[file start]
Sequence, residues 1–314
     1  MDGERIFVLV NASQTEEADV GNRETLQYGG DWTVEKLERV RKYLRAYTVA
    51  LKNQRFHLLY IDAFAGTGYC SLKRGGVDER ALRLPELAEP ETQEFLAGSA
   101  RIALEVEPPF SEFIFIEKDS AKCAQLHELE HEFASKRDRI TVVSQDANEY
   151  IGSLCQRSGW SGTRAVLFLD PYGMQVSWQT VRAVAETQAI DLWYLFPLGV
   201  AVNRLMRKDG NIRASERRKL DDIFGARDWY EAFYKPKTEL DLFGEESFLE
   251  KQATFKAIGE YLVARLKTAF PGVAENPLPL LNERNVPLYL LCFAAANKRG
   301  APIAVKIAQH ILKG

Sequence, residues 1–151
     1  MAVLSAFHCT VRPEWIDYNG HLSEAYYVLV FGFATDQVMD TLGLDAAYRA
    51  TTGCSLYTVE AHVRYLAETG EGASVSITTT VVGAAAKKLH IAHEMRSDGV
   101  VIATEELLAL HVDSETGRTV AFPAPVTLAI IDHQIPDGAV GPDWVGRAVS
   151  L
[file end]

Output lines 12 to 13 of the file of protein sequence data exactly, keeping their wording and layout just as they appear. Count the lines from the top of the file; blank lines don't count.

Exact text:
   101  VIATEELLAL HVDSETGRTV AFPAPVTLAI IDHQIPDGAV GPDWVGRAVS
   151  L